Tools for the Job
June 1, 2010 4 Comments
First, be prepared for some hefty linkage here, while I set the stage throughout the post to give reference to what I’m talking about.
I was reading a post at Syncaine’s where he was talking about SW:TOR, and the results that “calling” it an MMO will have. Right now, it’s too early for me to really comment on the validity of his statements. I don’t know how the gameplay will be, or how closely it will adhere to typical MMO conventions. The short and long of it(or TLDR version for the internet lingo), as Syncaine puts it, is that the game is going to be more akin to an online, co-op single player RPG and that the MMO crowd will not receive that well. If the game is released like that, and lacking in an end-game method of progression, there very well may be problems. However, we don’t know for sure that’s the case.
That said, I want to gloss over that post and get to the heart of what I’m talking about here. Sid 6.7, of Serial Ganker, made a comment, or an observational statement to be more accurate, about how the focus of SW:TOR (story) could be used to further its primary goal. He then went on to make a post of his own about it, explaining in a bit more detail what he thinks should be available to developers of the game post lauch. His statement, and post, struck me as particularly interesting based on what I know of the game engine being used.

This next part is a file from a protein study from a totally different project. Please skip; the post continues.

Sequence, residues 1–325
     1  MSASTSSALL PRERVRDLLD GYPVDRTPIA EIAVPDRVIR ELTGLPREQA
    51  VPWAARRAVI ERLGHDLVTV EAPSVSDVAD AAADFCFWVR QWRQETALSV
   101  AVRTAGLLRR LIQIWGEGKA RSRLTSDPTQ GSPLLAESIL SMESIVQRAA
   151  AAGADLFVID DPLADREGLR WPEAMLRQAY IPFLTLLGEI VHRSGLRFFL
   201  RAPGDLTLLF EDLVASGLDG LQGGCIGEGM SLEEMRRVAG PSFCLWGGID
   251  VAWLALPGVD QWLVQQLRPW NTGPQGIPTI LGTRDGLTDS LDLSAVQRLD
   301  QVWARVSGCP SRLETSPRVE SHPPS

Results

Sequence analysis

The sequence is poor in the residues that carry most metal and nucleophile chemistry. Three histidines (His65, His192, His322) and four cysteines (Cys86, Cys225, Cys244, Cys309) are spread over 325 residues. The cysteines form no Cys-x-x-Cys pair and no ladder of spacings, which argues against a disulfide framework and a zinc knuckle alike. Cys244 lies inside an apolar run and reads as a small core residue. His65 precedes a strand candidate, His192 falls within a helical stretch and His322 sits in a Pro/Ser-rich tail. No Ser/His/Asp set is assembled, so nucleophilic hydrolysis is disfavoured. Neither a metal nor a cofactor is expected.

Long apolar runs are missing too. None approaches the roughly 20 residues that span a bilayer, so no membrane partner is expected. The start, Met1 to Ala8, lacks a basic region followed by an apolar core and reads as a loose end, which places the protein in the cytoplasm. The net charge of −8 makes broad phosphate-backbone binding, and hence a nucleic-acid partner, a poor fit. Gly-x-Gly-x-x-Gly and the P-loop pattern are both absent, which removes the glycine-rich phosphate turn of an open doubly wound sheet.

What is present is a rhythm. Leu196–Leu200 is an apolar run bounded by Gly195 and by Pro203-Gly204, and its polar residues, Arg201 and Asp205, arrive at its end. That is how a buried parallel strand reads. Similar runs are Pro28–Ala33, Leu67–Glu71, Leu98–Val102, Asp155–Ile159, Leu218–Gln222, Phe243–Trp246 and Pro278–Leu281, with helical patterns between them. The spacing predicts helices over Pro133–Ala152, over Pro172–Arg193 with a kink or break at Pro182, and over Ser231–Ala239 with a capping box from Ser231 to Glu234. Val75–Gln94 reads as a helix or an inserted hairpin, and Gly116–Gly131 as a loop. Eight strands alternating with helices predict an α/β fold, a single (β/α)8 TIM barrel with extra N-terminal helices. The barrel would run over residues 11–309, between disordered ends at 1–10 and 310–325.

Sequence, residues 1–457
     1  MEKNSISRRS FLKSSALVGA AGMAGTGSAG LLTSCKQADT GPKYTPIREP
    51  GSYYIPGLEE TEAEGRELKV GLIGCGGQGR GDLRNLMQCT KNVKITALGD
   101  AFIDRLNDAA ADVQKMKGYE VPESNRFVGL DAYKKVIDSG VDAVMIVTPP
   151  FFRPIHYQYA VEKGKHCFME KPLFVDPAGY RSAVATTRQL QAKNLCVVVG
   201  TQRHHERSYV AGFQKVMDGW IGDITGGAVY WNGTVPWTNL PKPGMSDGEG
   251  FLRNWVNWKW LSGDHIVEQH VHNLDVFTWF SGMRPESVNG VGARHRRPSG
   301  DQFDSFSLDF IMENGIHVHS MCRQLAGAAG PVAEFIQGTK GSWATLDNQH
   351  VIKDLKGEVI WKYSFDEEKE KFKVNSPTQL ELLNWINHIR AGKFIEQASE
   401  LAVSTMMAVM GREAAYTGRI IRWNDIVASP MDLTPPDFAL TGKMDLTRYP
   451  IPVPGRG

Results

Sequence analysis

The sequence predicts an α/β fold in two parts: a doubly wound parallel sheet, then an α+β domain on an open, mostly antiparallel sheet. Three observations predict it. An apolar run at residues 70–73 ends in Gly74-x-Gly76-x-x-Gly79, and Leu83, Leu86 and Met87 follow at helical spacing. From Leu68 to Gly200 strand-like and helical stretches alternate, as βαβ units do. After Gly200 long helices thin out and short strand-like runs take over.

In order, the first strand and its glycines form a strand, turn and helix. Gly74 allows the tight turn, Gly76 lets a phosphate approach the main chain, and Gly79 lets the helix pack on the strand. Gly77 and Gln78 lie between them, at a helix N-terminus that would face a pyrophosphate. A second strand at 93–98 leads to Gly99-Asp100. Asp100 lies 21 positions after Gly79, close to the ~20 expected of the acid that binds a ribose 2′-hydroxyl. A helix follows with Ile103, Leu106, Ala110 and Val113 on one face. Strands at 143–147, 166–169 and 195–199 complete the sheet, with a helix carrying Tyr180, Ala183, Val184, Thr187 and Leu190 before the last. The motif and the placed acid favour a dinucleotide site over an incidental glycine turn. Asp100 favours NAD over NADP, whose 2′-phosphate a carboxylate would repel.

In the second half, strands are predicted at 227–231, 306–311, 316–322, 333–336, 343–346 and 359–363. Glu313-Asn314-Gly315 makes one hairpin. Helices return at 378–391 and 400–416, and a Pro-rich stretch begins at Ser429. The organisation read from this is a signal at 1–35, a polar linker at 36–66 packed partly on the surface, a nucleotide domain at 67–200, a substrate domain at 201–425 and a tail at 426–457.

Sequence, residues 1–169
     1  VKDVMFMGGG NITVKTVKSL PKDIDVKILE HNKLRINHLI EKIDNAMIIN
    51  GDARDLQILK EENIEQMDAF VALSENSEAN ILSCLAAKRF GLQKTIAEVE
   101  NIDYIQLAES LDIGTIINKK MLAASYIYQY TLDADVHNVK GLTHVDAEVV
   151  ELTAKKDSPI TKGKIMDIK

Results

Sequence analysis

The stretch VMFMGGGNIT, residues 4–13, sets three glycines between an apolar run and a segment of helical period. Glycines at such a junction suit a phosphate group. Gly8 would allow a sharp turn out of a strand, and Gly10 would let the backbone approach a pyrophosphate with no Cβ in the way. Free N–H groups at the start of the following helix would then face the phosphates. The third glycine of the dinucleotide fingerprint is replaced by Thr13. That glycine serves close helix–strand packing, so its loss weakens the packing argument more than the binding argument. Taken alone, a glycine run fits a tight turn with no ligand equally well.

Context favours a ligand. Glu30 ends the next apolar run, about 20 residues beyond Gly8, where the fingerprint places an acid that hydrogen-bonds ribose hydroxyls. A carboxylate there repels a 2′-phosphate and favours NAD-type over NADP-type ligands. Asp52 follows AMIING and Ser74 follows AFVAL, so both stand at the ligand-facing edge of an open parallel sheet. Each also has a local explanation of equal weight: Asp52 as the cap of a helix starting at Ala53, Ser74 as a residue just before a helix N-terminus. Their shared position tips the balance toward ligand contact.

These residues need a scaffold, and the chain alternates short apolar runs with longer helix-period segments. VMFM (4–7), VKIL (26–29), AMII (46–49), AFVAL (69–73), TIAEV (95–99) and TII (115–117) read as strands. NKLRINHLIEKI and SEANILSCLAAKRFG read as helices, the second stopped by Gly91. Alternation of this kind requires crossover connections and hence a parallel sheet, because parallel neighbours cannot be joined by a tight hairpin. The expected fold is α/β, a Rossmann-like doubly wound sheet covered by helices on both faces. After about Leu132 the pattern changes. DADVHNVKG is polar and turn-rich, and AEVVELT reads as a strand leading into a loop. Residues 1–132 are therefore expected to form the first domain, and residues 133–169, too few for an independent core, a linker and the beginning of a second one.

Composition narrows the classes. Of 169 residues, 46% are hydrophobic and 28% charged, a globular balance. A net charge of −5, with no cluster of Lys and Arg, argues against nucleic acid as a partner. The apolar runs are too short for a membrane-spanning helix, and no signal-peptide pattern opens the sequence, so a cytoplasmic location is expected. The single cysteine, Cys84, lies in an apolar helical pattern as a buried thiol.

If you’ve been reading here for a while, or perused through my “MMO Characters & History” page, you might have remembered me talking about a game called Gemstone 4. This is a game created by Simutronics Corporation, who have been around for ever (Iron Crown Enterprises forever, if you get the reference). Simutronics started work on their own fully 3D MMO YEARS ago, according to their news archive, they launched the website for the game in October of 2004. To wrap this up a bit, they developed their own game engine for creating their MMO, called HeroEngine. If you have free time to spare, and you’re interested in this kind of thing, I strongly suggest checking out the videos they have of the engine in action at world building.
Hero Engine got some very interesting and positive attention after it was displayed at some E3, and given its pruported abilities, completely deserved. It’s most-touted features are its flexibility and adaptability. It is heavily pushed as a tool that lets you quickly and easily create worlds, events, changes, and many of the great things that GMs of old had in simpler worlds. It has a development tool called HeroBlade that is an integrated tool with a real-time interface with the game world that lets the developer affect everything from lighting to game mechanics.
What I’m trying to say, without making this sound like an advertisement, is that the very thing that Sid 6.7 was suggesting as a necessary tool to make SW:TOR successful, is the very thing that the game engine itself is reported to excel at, and he seemed to be unaware of this at the time of saying it. What this could mean for his theory, is that BioWare had the same conclusion, and chose this engine for that very reason, fully intent on constantly developing new stories and adventures for players to partake in.
Imagine a world, where developers ran events on a regular basis that changed the world/universe as you know it. It evokes memories for me of playing in small MUDs online, or in pencil and paper RPGs with friends and a great DM who knew how to make a world fun. I’m not saying SW:TOR will be that game, what I’m saying, is that tools like HeroEngine coming out give me hope for that type of gameplay in the future.